From A Topographical Dictionary of Ireland, 1837
TELTOWN, or KILLALTON, a parish, in the barony of UPPER KELLS, county of MEATH, and province of LEINSTER, 3 ¾ miles (S. E.) from Kells, on the mail road from Dublin to Enniskillen; containing 1308 inhabitants. This place, under the name of Taltion, is celebrated in traditional history for the periodical assemblage of vast numbers from all parts for the purposes of traffic, sports, and social intercourse; the custom is said to have been established or revived by King Tuathal. It appears to have derived its name from St. Teallean, who founded the church called Teachtelle, or "Teallean's House." The parish, which is situated on the river Blackwater and on the Carlanstown or Rosmin river, which joins the former at Bloomsbury, comprises 4060 statute acres, as applotted under the tithe act; about one-third is in tillage, and the remainder, with the exception of 200 acres of bog of inferior quality, is excellent pasture and meadow land.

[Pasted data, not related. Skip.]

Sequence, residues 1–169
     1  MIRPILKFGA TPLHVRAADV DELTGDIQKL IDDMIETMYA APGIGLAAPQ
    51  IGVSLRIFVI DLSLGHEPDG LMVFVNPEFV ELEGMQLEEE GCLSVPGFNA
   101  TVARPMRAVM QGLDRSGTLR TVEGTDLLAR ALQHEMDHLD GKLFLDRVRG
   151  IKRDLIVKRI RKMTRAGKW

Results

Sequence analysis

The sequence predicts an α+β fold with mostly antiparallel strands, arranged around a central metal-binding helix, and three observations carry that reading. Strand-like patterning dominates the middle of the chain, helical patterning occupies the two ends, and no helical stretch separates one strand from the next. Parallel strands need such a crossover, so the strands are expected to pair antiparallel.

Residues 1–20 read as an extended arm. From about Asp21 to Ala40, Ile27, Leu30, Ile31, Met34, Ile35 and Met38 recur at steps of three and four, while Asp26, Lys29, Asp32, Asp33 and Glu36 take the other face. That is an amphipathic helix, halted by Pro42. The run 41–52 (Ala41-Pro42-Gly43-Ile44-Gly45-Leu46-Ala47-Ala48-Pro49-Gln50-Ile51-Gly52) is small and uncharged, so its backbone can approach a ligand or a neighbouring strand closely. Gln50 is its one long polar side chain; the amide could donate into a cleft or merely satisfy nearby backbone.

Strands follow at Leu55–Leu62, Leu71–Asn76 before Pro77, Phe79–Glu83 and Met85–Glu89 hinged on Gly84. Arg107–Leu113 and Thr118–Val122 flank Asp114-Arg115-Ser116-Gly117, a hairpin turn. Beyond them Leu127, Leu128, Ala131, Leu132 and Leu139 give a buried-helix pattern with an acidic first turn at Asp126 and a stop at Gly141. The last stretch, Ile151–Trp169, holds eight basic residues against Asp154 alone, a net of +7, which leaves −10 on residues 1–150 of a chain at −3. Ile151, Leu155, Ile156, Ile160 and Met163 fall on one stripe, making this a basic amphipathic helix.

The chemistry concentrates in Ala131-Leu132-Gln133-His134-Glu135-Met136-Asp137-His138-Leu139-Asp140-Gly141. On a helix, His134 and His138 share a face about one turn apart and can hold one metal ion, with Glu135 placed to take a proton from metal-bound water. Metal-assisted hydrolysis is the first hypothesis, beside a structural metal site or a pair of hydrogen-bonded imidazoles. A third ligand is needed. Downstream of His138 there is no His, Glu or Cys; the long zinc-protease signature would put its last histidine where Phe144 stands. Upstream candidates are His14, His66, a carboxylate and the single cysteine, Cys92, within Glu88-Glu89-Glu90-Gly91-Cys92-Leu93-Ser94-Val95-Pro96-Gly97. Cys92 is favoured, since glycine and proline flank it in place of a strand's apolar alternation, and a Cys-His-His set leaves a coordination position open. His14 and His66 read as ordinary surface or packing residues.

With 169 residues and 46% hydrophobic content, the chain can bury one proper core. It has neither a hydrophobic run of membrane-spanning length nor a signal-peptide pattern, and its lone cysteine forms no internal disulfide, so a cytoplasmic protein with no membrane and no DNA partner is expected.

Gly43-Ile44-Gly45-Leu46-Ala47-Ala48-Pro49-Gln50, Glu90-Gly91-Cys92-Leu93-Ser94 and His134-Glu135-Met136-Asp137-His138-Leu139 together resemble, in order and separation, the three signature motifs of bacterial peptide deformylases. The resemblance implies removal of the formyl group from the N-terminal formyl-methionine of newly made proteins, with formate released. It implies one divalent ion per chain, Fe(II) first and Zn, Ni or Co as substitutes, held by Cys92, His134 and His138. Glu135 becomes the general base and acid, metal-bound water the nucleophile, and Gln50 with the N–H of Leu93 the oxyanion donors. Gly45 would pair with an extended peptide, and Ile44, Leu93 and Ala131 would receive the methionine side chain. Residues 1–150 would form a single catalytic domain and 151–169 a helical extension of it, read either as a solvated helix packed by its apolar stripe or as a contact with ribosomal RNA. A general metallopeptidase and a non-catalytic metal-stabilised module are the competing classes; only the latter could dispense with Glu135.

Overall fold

The seats are Bloomsbury, the residence of J. Barnwall, Esq.; Teltown, of Hamlet Garnett, Esq.; and Hurdlestown, of Mrs. Rothwell. It is a rectory, in the diocese of Meath, entirely impropriate in Dominick O'Reilly, Esq., and the representatives of James C. Vincent, Esq: the tithes amount to £217. 17. 2.
In the R. C. divisions, it is part of the union or district of Kilberry and Teltown, and contains a chapel, situated at Oristown. There are two R. C. schools, one of which, held at Oristown and aided by subscription, is partly free; the other is at Bloomsbury: in these schools, on an average, are about 160 children. The old burial-ground remains.
In Popular Rhymes and Sayings of Ireland (first published in 1924) John J. Marshall examines the origin of a variety of rhymes and sayings that were at one time in vogue around different parts of the country, including those which he recalled from his own childhood in County Tyrone. Numerous riddles, games and charms are recounted, as well as the traditions of the ‘Wren Boys’ and Christmas Rhymers. Other chapters describe the war cries of prominent Irish septs and the names by which Ireland has been personified in literature over the centuries.
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